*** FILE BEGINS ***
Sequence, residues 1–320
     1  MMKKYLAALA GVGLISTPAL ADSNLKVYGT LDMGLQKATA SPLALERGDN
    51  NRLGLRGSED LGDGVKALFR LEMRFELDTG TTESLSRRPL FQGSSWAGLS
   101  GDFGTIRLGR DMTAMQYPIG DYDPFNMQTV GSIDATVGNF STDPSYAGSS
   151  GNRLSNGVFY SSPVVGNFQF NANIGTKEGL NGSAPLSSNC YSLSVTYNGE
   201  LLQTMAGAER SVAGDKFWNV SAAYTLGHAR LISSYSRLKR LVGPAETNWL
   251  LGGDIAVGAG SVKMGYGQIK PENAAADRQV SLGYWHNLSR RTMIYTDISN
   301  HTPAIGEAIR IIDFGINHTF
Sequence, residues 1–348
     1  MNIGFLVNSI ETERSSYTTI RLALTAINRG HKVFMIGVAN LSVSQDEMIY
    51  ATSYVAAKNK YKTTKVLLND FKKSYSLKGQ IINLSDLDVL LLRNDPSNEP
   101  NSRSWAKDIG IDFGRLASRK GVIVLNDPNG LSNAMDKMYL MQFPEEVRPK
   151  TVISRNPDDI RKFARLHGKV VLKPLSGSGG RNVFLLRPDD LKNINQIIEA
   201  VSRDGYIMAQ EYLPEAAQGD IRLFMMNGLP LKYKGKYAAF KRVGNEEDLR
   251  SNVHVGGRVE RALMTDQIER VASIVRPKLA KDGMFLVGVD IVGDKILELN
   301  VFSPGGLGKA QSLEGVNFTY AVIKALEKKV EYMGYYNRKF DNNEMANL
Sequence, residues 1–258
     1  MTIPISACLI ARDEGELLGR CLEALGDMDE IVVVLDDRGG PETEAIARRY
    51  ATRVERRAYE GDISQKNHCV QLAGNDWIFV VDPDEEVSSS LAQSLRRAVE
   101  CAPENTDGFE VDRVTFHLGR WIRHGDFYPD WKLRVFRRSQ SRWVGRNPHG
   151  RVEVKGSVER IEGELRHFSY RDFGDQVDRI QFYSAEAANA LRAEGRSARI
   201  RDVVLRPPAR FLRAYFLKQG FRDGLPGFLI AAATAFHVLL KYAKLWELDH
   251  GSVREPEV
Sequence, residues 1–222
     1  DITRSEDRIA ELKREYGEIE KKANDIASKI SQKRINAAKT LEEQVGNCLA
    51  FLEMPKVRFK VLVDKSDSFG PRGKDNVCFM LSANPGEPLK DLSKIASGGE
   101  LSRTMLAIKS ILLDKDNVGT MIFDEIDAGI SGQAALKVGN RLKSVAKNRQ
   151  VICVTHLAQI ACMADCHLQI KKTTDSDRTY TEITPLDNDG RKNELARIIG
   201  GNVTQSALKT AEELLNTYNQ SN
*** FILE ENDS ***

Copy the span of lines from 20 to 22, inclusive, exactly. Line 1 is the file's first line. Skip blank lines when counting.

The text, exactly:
   101  CAPENTDGFE VDRVTFHLGR WIRHGDFYPD WKLRVFRRSQ SRWVGRNPHG
   151  RVEVKGSVER IEGELRHFSY RDFGDQVDRI QFYSAEAANA LRAEGRSARI
   201  RDVVLRPPAR FLRAYFLKQG FRDGLPGFLI AAATAFHVLL KYAKLWELDH